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      Comment by Montucky — August 10, 2011 @ 9:07 pm

  9. Montucky: I would love to be on that trail right now, heading farther into the high country. Sigh.

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    Comment by Jack Matthews — August 10, 2011 @ 3:41 pm

    • Yes, with a good trail horse and a pack mule! And come back down with the first snow!

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      Comment by Montucky — August 10, 2011 @ 9:08 pm

  10. Unreal colors, such lush green and brilliant blue.

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    Comment by Candace — August 10, 2011 @ 8:25 pm

    • The vivid colors are a hallmark of our high country. It’s relatively cool there and the vegetation stays well watered and healthy. The air is clear and pure and that makes the sky appear deep blue. I spend as much time as possible in places like that.

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      Comment by Montucky — August 10, 2011 @ 9:12 pm

  11. It’s the vibrant colours that strike me, too. I think I can smell the clean mountain air. It looks very steep, it must be a real workout to hike this!

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    Comment by farmhouse stories — August 10, 2011 @ 9:06 pm

    • This particular trail isn’t too bad, but many are very steep. In this part of Montana along the Clark Fork River, the valley elevation is just over 2,400 feet. The mountain tops along both sides are just over 7,000 feet. Getting up into the high country can be a challenge, yet it’s so beautiful and wild up there its’ worth the effort, at least for me. Toward the end of the month I plan to hike a trail that starts at 2100 feet and ends five miles later at a peak at 6,200 feet. I love the country so much that I spend two to three hours every day hiking or biking so I can be able to make those hikes. Carrying the weight of many years doesn’t make it any easier either, but perhaps I enjoy the wild country even more for it.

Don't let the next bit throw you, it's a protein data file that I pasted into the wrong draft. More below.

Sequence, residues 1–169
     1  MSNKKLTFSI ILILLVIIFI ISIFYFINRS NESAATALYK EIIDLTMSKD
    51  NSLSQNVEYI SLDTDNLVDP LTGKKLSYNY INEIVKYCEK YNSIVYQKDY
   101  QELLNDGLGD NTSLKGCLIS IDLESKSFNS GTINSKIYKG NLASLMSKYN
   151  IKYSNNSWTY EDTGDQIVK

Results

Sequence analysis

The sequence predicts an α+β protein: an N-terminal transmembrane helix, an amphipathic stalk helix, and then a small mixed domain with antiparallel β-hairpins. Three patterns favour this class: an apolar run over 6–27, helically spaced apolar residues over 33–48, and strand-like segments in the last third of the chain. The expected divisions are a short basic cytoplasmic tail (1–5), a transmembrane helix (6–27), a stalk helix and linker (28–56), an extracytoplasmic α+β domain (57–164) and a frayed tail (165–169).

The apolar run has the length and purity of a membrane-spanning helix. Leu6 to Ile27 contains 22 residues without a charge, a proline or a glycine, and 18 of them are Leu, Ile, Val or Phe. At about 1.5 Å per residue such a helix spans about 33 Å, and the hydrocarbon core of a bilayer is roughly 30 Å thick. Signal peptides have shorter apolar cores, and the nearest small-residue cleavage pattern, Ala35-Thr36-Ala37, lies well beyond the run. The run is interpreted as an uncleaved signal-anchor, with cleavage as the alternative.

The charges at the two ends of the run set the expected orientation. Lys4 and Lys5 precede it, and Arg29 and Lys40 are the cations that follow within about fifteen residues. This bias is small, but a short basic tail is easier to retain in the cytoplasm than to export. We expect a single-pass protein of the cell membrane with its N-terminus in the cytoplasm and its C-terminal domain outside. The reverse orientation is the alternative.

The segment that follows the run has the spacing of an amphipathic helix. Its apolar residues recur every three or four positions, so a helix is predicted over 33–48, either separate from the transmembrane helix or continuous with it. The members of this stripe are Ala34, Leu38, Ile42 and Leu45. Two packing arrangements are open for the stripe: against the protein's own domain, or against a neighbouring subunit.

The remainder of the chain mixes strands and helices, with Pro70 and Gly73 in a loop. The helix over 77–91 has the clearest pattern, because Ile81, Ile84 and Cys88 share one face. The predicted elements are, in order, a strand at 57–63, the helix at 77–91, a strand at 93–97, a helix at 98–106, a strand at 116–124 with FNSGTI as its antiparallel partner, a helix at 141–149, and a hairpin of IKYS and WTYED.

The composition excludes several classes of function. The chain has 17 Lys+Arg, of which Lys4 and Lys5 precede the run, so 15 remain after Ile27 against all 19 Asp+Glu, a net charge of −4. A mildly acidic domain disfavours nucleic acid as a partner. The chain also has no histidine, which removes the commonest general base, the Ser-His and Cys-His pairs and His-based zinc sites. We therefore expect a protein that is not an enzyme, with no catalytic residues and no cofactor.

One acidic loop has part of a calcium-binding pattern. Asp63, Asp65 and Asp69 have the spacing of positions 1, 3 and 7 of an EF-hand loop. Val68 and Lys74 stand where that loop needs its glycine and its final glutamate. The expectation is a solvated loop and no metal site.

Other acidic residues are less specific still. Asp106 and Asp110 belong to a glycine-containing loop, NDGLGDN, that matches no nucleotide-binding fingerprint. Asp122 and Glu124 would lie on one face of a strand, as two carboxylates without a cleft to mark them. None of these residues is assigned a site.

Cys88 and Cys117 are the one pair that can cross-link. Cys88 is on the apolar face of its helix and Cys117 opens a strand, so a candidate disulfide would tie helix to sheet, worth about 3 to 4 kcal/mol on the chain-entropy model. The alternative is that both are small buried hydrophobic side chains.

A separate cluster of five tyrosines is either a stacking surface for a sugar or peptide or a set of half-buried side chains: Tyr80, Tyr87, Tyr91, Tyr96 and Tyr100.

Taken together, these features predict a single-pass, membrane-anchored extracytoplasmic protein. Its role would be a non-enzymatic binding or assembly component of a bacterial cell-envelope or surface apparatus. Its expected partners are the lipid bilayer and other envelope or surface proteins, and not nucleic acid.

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      Comment by Montucky — August 10, 2011 @ 9:19 pm

  12. Beautiful shots. Not sure what those plants are, but I have seen groups of them on my last walk around the edges of the Bitterroot Range.

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    Comment by Mike — August 11, 2011 @ 1:47 am

    • Er, my last comment was meant for your next post “Unidentified”. That’s what I get for commenting when I’m sleepy… 🙂